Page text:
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First off today, Robert Levine at Billboard reports that Maria Pallante, the Register of Copyrights for the U.S. Copyright Office, has been removed from her position by the new Librarian of Congress, Carla Hayden.
The U.S. Copyright Office is under the Library of Congress giving Hayden, who just took the position five weeks ago, authority over the role. Pallante, who had held the position since 2011, had repeatedly clashed with Hayden, including working against her nomination.
There is now a great deal of anxiety about who will replace Pallante, who was widely seen as being pro-creator and had ambitions for a modernized and independent Copyright Office. While the position is only responsible for a very limited amount of copyright policy, Pallante had called for and had been advising a full copyright review, which began in 2013.
Next up today, Dominic Patten at Deadline Hollywood reports that Warner Bros. has filed a lawsuit against the talent agency Innovative Artists claiming that the company was responsible for “blatantly illegal” distribution of films such as 2015’s Creed.
According to the lawsuit, Innovative Artists set up a server that it hosted various films on. Those films included screener copies, sent to Innovative Artists to deliver to one of its clients.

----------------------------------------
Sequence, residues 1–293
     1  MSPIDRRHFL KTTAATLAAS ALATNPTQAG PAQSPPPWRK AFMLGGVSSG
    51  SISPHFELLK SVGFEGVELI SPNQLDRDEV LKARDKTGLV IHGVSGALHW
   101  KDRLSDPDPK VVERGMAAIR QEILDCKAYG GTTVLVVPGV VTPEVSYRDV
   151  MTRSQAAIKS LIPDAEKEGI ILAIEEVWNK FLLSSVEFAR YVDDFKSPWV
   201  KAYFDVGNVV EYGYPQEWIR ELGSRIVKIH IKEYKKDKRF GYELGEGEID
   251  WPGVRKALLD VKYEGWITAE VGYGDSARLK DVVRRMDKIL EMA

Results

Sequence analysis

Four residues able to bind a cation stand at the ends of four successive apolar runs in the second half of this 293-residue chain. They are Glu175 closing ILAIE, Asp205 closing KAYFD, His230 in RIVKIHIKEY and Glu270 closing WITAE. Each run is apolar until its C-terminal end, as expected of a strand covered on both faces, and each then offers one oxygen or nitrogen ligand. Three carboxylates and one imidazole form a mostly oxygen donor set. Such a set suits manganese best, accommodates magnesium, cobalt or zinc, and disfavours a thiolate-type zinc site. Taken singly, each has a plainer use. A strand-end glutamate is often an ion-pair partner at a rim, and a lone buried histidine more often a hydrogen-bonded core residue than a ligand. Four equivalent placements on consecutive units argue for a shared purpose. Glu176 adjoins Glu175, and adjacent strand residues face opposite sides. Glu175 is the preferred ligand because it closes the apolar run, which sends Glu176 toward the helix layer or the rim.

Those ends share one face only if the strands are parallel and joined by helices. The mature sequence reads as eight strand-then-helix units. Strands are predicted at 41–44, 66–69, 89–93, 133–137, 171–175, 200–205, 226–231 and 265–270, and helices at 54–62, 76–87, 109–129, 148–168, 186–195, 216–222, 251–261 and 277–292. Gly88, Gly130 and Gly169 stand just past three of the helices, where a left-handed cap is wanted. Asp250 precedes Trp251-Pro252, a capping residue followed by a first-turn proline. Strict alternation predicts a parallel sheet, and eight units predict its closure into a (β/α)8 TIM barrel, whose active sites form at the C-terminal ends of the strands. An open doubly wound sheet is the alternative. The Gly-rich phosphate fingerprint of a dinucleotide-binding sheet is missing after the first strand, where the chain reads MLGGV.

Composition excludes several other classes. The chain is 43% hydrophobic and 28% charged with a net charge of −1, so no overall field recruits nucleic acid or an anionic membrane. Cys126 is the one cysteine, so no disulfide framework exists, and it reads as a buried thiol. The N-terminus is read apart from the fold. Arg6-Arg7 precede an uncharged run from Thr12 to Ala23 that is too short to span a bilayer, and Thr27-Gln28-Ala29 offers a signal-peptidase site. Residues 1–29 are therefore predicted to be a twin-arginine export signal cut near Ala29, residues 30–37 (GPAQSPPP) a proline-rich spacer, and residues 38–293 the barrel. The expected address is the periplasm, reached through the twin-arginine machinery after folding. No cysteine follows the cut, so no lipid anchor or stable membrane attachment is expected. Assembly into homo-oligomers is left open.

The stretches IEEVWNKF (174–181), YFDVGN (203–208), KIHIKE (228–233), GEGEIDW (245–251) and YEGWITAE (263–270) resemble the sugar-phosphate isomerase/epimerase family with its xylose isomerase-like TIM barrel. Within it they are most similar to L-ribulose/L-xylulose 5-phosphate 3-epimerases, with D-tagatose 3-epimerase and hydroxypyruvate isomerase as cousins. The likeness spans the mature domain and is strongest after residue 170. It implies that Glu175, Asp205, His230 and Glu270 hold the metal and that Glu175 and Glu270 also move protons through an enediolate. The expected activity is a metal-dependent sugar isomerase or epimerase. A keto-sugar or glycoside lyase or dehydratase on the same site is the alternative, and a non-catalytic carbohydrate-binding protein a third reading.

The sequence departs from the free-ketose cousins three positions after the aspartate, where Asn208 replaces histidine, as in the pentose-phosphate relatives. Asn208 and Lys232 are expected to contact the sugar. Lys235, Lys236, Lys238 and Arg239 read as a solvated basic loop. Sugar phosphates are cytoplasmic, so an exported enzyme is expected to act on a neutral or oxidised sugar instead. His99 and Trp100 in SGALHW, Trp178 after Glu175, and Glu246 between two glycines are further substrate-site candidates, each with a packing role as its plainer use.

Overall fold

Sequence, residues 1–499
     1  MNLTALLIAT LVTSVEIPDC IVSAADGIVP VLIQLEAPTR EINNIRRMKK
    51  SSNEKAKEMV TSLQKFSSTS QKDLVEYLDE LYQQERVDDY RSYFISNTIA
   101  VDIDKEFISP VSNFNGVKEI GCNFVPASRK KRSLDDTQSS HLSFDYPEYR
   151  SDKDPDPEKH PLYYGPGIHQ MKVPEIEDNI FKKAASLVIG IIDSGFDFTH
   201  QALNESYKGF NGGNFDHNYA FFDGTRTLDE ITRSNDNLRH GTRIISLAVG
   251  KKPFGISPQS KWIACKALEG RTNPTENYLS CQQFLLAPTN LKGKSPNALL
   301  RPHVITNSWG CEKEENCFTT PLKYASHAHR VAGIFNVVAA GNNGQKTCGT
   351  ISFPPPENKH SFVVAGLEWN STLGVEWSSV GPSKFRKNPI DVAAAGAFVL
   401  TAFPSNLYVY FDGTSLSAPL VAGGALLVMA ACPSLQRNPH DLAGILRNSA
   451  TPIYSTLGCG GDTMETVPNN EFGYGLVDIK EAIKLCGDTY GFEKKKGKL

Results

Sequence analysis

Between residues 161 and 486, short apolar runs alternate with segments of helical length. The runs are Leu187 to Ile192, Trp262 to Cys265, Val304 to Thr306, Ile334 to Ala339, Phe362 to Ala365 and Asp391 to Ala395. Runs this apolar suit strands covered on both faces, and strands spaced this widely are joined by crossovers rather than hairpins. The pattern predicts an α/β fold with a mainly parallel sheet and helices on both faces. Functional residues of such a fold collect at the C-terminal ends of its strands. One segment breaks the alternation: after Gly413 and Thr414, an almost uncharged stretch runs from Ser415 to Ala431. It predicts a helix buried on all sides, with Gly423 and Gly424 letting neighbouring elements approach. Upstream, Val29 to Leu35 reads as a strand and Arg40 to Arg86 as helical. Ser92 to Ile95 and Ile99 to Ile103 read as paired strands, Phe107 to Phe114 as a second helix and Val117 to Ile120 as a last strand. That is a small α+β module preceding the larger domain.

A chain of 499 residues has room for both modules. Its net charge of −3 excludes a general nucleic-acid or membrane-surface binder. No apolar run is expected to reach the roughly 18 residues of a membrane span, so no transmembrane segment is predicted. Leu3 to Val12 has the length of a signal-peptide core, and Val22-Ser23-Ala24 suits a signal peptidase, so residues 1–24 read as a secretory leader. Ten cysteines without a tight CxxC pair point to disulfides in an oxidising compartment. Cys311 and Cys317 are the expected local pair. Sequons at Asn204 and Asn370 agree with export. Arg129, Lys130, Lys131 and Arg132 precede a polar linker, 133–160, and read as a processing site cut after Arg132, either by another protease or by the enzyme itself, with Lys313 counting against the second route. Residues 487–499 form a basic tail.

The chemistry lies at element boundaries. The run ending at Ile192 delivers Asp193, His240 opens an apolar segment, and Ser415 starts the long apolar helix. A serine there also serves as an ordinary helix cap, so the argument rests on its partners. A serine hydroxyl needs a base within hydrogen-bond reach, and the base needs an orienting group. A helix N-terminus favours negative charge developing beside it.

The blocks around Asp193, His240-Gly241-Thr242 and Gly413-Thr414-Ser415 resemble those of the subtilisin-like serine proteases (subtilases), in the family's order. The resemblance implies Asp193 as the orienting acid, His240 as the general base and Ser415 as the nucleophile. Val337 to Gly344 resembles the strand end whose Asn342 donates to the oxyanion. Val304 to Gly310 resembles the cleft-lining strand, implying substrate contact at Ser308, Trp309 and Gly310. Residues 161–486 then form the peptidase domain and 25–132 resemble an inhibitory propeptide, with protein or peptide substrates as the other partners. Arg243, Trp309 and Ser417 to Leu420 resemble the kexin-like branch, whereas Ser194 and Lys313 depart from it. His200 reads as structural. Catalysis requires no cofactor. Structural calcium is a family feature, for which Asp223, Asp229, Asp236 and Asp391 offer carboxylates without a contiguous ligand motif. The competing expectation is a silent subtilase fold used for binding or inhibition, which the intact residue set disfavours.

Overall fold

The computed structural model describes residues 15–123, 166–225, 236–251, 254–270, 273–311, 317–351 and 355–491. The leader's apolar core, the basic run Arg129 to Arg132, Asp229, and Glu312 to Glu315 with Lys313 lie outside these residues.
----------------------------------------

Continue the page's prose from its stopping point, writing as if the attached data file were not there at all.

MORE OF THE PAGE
Warner Bros. learned about the piracy after checking watermarks on the screeners that were published online. The lawsuit claims that Independent Artists was aware that the films distributed via their server would see broader distribution online and that the company used illegal ripping software to convert the screeners to digital format.
Finally today, Carey Dunne at Hyperallergic reports that photographer David Kittos has filed a lawsuit against the Donald Trump campaign claiming copyright infringement over a photograph Kittos took of a bowl of Skittles that the campaign used as part of a tweet.
The photo was part of a controversial tweet about Syrian refugees asking whether you would still take a handful of Skittles from the bowl if three of the Skittles were poisoned and would kill you. Kittos, however, says that he never gave permission to the campaign to use the image and, furthermore, took offense to the tweet as he is a refugee himself, having fled the Republic of Cyprus at age six.
The lawsuit is seeking unspecified damages. Kittos notes that there is no amount of money that would have motivated him to license the image for the use. Kittos had previously gotten the image removed from Twitter by filing a copyright notice with the site.
That’s it for the three count today. We will be back tomorrow with three more copyright links. If you have a link that you want to suggest a link for the column or have any proposals to make it better. Feel free to leave a comment or send me an email. I hope to hear from you.